When implementing an economic institution in the field or in the laboratory, the participants' action spaces and the institution's outcomes are typically discrete, while our theoretical analysis of the institution often assumes the sets are continuous. Predictions by the continuous model generally turn out to be good approximations to the performance of the discrete implementation. We present an example in which the continuous version has a unique and Pareto efficient equilibrium, but in which the discrete version often has vastly more equilibria, many of them far from efficient. We show that the same phenomenon appears in two experiments investigating the Groves-Ledyard mechanism, and that it may account for the experimental results.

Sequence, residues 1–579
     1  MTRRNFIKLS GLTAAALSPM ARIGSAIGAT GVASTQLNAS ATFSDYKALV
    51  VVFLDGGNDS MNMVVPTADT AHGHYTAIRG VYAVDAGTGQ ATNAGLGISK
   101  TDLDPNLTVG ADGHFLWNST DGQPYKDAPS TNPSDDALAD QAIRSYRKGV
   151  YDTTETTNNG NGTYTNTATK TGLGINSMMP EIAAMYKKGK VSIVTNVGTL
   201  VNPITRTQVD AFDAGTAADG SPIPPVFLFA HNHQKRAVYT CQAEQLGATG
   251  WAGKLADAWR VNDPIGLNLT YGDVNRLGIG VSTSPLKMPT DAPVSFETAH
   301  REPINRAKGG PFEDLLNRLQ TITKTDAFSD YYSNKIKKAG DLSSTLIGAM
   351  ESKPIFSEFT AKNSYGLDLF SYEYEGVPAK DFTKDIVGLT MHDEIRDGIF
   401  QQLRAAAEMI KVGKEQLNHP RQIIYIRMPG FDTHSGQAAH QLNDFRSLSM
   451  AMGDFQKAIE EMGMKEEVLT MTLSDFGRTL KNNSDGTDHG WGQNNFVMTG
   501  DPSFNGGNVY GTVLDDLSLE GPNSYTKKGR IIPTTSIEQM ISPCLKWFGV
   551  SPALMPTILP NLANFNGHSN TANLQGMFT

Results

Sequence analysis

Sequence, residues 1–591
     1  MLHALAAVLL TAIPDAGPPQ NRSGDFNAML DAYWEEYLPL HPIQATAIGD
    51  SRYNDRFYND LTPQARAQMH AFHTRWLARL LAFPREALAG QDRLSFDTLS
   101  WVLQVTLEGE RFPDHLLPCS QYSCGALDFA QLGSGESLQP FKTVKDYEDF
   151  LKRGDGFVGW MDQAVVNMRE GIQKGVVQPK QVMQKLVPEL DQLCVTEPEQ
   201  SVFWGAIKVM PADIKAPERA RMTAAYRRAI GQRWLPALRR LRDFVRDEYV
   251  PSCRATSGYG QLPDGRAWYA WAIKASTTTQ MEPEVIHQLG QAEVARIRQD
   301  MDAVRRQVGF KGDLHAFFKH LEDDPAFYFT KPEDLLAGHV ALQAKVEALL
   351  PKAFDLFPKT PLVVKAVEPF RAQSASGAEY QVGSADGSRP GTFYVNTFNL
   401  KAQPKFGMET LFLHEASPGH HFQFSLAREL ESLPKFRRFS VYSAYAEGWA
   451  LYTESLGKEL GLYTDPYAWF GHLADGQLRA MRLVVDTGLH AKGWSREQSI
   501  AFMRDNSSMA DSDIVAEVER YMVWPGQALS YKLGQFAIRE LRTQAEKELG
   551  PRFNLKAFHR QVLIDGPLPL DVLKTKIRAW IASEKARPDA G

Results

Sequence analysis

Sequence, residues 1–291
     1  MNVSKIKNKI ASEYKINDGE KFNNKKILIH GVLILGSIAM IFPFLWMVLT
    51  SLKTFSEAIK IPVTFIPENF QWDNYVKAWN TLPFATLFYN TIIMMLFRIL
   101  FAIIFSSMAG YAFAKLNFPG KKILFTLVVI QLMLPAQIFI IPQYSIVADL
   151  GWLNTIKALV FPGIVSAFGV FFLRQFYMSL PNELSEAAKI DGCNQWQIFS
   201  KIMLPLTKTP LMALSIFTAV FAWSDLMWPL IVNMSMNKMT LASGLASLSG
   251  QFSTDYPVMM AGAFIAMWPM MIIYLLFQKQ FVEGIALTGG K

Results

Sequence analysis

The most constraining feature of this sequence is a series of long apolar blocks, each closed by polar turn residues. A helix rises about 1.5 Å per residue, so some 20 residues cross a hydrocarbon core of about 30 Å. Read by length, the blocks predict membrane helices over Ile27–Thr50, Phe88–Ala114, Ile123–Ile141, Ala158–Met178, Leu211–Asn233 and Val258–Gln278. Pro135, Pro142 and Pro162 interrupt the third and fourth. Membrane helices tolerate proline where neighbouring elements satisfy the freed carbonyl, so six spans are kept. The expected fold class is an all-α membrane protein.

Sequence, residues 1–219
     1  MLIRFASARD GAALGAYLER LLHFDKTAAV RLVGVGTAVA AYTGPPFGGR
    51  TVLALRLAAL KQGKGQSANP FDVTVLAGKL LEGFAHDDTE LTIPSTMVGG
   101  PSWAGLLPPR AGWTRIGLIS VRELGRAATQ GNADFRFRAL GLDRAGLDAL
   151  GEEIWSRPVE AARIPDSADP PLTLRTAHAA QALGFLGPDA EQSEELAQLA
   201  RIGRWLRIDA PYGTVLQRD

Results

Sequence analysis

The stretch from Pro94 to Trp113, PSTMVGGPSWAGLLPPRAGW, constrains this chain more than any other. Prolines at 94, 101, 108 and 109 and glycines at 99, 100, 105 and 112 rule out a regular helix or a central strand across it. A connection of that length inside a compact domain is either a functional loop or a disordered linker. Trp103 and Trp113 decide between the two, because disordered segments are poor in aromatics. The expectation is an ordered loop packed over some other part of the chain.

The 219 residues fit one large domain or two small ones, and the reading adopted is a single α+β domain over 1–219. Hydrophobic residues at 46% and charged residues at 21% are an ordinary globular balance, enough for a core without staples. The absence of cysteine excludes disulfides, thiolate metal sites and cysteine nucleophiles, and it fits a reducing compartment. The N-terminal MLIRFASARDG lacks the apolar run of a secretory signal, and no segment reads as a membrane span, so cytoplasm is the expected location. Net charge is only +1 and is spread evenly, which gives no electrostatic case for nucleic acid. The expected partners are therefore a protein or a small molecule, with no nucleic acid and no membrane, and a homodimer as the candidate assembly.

- Dominant strategies
- Groves-Ledyard mechanism
- Implementation in discrete strategies
- Multiple equilibria
- Public goods
ASJC Scopus subject areas
- Economics, Econometrics and Finance(all)